Bolwell's new Nagari 500 promises carbon composite 500-hp supercar in 2020
In the 1970s, there was no cooler car available in Australia than the Bolwell Nagari. With muscle car mania dominating Australian public automotive consciousness as it was in America, the limited production Bolwell Nagari sports car bridged the sedan-sportscar chasm by squeezing a stock Ford 302 V8 into a lightweight composite body that could be mistaken at first glance for a Lamborghini Miura, using the subsequent power-to-weight advantage to blow the doors off anything else on the road.
The Nagari name means “flowing” in Australian Aboriginal language, and in its time, those flowing lines were quite revolutionary, having evolved separately to the Miura as both Lamborghini and Bolwell settled on the mid-engined layout that would become standard in supercars. The shape of the Nagari could be seen many years prior to its release as it evolved from the kit cars produced by the brothers Bolwell somewhere between the Mk 5 and the Mk 7.
It’s ironic that despite decades working in sports car development, it was Graeme Bolwell’s links to Colin Chapman at Lotus that brought the unexpected benefits that ultimately sustained the company. Graeme spent a period working at Lotus and it was the manufacturing techniques and design know-how associated with composite manufacture which contributed to the integrity of the Nagari, but ultimately provided the basis for the Bolwell company’s success in composite manufacture across myriad industries.
Graeme brought that expertise back from Lotus, where he worked on the Indianapolis race car and the Lotus Europa. Once the brothers got back together, one of the legends of Australian sports car manufacturing was born as the Nagari was produced.
National sports car titles and the adoration of the local automotive press made the name Bolwell seem much bigger than the tiny sports car manufacturer in reality was, but in the 60 years the Bolwell brothers have been producing their succession of sports car models, more than 700 cars were produced.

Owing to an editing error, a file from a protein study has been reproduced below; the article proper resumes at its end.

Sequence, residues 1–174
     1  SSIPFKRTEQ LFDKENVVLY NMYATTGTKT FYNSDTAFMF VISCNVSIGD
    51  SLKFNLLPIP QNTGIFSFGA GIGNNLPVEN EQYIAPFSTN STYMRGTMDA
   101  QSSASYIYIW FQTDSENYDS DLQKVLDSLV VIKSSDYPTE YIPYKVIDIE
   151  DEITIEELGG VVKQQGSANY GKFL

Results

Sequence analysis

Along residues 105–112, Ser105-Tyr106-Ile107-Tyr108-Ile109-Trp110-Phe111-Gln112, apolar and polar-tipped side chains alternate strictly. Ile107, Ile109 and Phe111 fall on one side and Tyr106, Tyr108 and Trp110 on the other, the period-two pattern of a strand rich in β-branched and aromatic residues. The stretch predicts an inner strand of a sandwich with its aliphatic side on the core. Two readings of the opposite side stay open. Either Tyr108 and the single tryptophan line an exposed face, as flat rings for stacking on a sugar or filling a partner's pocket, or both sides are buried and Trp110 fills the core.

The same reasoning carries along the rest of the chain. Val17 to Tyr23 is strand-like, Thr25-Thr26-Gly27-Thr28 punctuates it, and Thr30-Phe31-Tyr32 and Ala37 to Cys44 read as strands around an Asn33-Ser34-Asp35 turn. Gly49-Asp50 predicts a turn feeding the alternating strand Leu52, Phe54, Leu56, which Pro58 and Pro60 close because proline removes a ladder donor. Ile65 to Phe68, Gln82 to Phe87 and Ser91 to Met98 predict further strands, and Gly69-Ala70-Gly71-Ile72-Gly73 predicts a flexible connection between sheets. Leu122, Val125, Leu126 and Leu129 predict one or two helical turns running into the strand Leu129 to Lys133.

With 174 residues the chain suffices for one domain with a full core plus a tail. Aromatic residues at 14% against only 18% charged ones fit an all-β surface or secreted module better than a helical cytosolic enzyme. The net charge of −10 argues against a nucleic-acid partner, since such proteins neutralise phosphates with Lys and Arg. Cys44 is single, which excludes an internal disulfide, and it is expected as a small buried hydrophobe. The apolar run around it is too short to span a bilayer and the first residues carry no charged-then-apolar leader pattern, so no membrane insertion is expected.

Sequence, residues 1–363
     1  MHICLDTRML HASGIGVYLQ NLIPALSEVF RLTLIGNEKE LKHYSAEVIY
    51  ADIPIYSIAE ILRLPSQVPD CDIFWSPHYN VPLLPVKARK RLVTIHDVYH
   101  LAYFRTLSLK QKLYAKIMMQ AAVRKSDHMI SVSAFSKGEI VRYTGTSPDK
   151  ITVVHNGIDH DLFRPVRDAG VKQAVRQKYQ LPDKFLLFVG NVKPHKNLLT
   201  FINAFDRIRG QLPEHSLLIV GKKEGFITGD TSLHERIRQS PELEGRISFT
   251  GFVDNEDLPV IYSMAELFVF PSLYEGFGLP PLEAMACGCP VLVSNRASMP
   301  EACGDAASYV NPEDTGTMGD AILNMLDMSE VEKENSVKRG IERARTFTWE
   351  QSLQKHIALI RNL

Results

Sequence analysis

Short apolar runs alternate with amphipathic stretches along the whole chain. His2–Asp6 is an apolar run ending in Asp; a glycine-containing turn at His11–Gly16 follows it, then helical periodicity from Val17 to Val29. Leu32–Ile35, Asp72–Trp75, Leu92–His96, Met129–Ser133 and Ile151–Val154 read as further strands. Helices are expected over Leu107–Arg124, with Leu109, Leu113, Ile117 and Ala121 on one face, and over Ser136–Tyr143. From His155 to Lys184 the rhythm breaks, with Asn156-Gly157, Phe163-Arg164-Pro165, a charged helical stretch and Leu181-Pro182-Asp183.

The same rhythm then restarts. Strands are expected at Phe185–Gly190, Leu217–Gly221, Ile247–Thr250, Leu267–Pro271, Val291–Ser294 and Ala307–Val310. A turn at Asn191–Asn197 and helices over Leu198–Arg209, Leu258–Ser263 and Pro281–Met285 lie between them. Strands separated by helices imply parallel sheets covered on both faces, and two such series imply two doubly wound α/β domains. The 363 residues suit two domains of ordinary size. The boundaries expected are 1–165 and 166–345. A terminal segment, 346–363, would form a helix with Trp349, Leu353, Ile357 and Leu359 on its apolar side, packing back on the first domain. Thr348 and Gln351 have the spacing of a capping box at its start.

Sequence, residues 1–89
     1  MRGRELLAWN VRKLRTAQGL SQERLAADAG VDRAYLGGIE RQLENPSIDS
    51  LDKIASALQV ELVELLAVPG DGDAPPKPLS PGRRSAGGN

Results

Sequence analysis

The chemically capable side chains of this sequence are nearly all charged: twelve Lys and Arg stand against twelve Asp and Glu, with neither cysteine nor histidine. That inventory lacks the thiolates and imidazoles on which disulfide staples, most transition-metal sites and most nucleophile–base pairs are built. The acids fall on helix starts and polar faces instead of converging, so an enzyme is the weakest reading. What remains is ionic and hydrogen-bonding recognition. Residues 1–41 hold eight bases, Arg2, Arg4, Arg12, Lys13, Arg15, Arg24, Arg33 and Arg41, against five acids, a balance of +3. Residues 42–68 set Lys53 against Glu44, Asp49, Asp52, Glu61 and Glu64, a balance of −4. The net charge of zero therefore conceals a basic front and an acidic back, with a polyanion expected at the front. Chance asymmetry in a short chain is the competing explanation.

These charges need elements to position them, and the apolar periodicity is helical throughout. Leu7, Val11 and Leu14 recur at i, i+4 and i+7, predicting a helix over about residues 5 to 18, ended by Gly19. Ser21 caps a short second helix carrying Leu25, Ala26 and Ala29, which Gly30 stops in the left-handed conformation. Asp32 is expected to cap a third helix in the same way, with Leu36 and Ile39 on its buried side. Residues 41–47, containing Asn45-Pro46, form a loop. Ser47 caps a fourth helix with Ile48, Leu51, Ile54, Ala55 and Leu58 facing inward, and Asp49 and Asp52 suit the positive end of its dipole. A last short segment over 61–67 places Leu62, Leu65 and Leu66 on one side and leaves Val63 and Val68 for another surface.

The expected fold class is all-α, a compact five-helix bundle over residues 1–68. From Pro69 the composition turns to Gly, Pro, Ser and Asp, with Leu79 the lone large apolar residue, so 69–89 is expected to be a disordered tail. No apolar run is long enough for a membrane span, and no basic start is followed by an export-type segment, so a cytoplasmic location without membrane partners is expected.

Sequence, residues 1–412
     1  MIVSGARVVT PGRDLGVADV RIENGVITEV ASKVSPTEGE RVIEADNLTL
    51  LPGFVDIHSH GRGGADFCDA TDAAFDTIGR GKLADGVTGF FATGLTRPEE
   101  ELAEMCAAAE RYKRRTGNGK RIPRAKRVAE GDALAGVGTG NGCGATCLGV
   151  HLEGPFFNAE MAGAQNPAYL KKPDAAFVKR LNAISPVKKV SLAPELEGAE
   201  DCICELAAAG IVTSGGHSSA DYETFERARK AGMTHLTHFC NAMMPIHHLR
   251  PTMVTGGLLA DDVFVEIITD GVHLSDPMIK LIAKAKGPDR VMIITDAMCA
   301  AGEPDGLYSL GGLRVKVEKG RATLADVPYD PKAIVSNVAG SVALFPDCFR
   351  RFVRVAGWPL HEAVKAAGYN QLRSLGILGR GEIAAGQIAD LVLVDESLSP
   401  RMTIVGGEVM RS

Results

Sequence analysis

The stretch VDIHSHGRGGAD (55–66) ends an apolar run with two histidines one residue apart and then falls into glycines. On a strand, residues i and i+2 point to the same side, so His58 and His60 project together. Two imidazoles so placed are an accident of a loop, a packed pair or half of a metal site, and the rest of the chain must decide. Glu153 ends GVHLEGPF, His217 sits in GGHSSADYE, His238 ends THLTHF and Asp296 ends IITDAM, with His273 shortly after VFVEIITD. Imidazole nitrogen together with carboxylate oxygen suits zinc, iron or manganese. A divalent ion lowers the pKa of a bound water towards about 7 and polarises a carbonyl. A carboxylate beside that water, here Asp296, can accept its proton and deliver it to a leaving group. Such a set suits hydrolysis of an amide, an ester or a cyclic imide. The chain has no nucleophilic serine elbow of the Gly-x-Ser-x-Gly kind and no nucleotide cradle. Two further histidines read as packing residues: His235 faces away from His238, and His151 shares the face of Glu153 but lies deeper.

These days, the automotive side of the Bolwell empire is but a small subsidiary, with the company’s primary skill sets in advanced composite manufacture supplying trucking manufacturers (Kenworth and Iveco), fast-food building fit-outs (McDonalds), caravans (Bolwell's own designs), scooters, flight simulators, wind turbines and marine fixtures.
The brothers still burn a candle for making serious sports cars, though, and the Nagari name has been resurrected once before. In 2008, the company used its carbon fiber vacuum infusion system to produce the AUD$200,000 (approx. US$135,000) Bolwell Nagari 300 supercar, powered by a mid-mounted supercharged 3.5-liter Toyota V6.
The latest car to wear the Nagari name runs a full-blooded V8 again, and met the public this weekend at Melbourne’s international collector car show, Motorclassica 2019.
The new Nagari 500’s engine is a Chevrolet LS3 6.2-liter V8 producing 372 kW (500 hp). Just as Ford would once lift a 302 V8 and transmission direct from its Melbourne Broadmeadows production plant for Bolwell to create one of the original Nagaris, Chevrolet now supplies whole engines ready to go.
The engines to be installed in the new Nagari 500 begin life as the 430-hp LS3, but the output is increased to 500 hp, and almost any horsepower level required is available off the shelf.
The engine is mounted longitudinally amidships in the new Nagari 500 and bolted on to a six-speed Audi gearbox with a sequential gearbox under consideration.
There’s no pricing, no availability date, and there isn’t a great deal of detail available on concrete plans, but the limited amount of information that is available suggests that the wait will be worthwhile.
Some of the other technological niceties of the Nagari 500 that were confirmed over the car’s initial public outing included an 8.0-inch central dashboard information display, keyless entry, Recaro seat, 355-mm ventilated and cross-drilled Brembo brakes with carbon-ceramic rotors, and double-wishbone suspension at the front and back incorporating adaptive damping.
The front/rear weight distribution will be close to 40/60 per cent and the t-res will be 300 mm wide at the rear and 250 mm wide at the front.
The production run will be limited, but, depending on the response of the public and potential distribution partners overseas, maybe that could change. As tooling for the car is complete, and it meets all ADRs (Australian Design Rules), which are among the strictest in the world, export markets should be easy pickings if the demand is strong and right distribution partners are keen. That’s the biggest variable in the Bolwell Nagari continuation model equation right now.
The Bolwell Nagari 500 will be developed over the course of the next year, with pricing and performance figures set to be confirmed in 2020. Right now, all we know is that the car is capable of a 0-100 km/h (62 mph) time of under 3.0 seconds. If the pricing comes in at under AUD$200,000, current AUD-USD exchange rates would translate to one very reasonably priced supercar in the US$130,000 price bracket. That's exciting because the Nagari might finally fulfill all that latent potential, albeit 50 years after its first crack at the market.